Our society is on the go. According to Realtor.com, top states for move in are Idaho, Washington, Nevada, Tennessee, and Alaska. Whether you’re moving for a new job, are exploring a new passion, or just need a change of scenery, individuals are on the move.
Where are you in the movement challenge? Check out these five movement parameters to see how you fit in.
Move On. Need a refresh? Perhaps you’ve been at your existing job for far too long – per Gallup, 60% of millennials are considering a job hop. It’s not only millennials that feel the need for change. Gen Xers also cited that a change is in order, including pursuing a university-level education or professional credential or becoming an entrepreneur. If you feel that your creativity is stifled, it might be time to move on. With global economic indicators pointing to continued growth, consider exploring new horizons.
Move Up. Like where you are, but just want a little more? Perhaps a little more responsibility is in your cards. If you’re itching to move up the ladder and challenge yourself with new or expanded responsibilities, a promotion might be your answer. Need some suggestions of how to ask for a promotion? The Harvard Business Review has a step-by-step.
Move Down. As boomers age, they may want to scale down their lifestyle. From downsizing their homes to ratcheting from full-time to part-time, it might be the right time to rethink the 9 to 5. Consider passion projects or volunteer activities. It’s not just boomers, however, who want to move down. Many millennials are fully living a more nomadic career life style in the gig economy or are moving abroad to down under or far flung locations, such as Australia, Thailand, Belize, and Ecuador. As an added plus, many of these countries have a favorable cost of living index which will fit nicely with the moving down philosophy.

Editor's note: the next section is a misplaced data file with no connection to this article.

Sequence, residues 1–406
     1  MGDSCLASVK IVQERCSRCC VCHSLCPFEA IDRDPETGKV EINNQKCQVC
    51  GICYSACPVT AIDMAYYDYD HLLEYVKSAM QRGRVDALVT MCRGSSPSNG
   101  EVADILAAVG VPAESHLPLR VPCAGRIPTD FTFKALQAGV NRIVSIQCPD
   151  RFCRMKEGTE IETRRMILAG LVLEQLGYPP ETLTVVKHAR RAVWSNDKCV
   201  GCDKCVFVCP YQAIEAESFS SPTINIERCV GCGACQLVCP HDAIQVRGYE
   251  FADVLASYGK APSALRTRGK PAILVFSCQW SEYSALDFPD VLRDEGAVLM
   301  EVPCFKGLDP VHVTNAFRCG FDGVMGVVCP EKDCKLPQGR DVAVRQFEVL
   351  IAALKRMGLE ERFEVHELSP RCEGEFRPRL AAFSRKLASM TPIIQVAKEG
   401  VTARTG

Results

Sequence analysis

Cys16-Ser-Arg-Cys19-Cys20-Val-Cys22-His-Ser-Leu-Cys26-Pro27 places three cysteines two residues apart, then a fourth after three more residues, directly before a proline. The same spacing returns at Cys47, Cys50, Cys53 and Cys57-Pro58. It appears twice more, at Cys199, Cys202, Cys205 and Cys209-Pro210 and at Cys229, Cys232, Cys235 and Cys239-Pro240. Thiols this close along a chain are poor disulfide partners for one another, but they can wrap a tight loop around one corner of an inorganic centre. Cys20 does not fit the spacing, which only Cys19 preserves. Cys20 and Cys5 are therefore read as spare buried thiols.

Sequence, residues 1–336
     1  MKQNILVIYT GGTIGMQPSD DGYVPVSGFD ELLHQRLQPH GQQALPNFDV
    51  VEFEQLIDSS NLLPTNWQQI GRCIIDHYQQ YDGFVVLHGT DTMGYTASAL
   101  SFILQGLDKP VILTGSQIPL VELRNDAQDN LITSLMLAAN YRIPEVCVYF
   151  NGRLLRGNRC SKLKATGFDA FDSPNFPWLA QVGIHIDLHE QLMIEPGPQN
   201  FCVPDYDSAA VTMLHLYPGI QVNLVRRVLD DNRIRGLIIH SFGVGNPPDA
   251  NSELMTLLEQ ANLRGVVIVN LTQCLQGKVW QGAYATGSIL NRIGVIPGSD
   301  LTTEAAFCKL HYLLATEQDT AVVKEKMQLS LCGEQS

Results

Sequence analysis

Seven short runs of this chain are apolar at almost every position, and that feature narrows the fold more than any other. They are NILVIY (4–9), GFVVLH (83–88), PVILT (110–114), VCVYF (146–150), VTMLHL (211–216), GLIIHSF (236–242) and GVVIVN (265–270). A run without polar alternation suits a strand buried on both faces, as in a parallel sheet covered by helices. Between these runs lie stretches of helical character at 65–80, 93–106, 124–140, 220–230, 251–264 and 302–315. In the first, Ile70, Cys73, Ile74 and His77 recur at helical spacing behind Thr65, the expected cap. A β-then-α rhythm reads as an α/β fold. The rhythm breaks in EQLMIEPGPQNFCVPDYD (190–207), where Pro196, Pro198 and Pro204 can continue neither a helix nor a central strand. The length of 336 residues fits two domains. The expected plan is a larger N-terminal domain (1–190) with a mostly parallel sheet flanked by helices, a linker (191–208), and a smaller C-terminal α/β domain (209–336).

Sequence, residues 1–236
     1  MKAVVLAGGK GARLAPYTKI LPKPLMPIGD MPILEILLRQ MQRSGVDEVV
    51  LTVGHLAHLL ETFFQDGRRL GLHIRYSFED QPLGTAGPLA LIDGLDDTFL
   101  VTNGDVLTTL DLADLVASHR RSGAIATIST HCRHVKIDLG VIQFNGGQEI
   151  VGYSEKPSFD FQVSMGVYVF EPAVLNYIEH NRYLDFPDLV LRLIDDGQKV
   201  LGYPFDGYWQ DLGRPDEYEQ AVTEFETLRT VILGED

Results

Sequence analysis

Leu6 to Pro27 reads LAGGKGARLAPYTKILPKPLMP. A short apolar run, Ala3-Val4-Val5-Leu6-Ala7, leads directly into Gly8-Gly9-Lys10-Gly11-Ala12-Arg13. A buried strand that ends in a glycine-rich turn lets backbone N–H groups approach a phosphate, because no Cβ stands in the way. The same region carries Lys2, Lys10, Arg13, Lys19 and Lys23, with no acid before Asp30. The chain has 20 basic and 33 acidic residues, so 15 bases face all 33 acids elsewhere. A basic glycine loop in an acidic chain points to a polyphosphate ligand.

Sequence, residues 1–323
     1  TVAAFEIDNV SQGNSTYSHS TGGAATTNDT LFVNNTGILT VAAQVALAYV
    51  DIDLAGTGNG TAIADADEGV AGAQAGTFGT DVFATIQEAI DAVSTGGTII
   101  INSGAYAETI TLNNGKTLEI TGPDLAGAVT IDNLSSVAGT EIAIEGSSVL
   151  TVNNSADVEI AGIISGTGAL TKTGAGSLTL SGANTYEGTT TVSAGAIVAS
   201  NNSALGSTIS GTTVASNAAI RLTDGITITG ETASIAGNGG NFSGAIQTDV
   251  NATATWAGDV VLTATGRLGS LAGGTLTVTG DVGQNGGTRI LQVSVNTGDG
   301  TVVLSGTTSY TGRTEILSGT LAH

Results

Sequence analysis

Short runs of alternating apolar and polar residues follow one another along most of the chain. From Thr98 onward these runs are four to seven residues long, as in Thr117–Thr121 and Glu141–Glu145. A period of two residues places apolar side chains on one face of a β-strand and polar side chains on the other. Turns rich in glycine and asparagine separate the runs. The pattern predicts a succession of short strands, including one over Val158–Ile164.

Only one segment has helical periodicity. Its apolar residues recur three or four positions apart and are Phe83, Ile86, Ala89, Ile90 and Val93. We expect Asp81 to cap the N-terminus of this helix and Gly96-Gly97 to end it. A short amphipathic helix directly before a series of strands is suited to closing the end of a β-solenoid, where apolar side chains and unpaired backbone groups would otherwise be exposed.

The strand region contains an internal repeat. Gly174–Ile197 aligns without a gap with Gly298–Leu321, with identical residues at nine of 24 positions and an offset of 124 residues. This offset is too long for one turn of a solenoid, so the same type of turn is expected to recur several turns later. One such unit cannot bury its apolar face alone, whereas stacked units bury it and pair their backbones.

Move Sideways. Feel like you’re not growing professionally, but are not interested in changing companies? Like your co-workers and your benefits and don’t feel the need to make a drastic change? A lateral move within your current organization could be your future where you learn new skills and have new experiences without moving companies. If there’s no current jobs you’re interested in applying to, how about creating a new program or process that your fellow co-workers (and you) could benefit from?
Move Next. Starting a new journey doesn’t always begin with you. Perhaps the move is forced upon you via a lay-off or restructuring. Take heart that the next move is up to you. It may not feel this way when a career change is not something you’ve sought out. Be productive and use this time to outline your next adventure. Write goals. Join a networking group. Reach out to your inner circle for support. Changing jobs and careers may mean taking a step back to reflect, reassess, plan, and then take action.
Need a helping hand with your next career move? Building a new brand and need an effective communications strategy? Launching a new product into the marketplace? Need content marketing help? I would love to hear from you.
Sharon Gee is a consultant and marketer who specializes in helping global companies, start-ups, and small businesses thrive. A strategic thinker, Sharon supports CEOs and business leaders reach their goals through research, innovation, customer analysis, communication, and social media prowess.